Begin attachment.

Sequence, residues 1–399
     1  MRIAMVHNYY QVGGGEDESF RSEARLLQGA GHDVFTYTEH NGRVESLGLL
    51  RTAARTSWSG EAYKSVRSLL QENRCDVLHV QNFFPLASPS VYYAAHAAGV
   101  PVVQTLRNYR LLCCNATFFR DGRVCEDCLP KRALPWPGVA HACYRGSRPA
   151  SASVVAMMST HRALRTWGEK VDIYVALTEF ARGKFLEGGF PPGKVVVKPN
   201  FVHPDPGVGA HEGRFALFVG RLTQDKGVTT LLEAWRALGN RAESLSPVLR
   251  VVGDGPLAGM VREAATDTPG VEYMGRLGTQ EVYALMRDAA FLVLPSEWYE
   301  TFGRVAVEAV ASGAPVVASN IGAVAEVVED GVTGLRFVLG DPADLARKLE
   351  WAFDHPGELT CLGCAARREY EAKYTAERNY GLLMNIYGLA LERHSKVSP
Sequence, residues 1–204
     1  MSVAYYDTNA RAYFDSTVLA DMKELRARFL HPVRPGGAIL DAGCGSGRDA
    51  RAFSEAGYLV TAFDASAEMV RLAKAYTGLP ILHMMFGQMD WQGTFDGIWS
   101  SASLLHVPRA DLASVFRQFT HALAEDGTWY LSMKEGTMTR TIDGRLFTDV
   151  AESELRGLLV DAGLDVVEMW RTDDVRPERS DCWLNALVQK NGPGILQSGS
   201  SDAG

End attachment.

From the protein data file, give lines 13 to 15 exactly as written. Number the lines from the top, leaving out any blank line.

   101  SASLLHVPRA DLASVFRQFT HALAEDGTWY LSMKEGTMTR TIDGRLFTDV
   151  AESELRGLLV DAGLDVVEMW RTDDVRPERS DCWLNALVQK NGPGILQSGS
   201  SDAG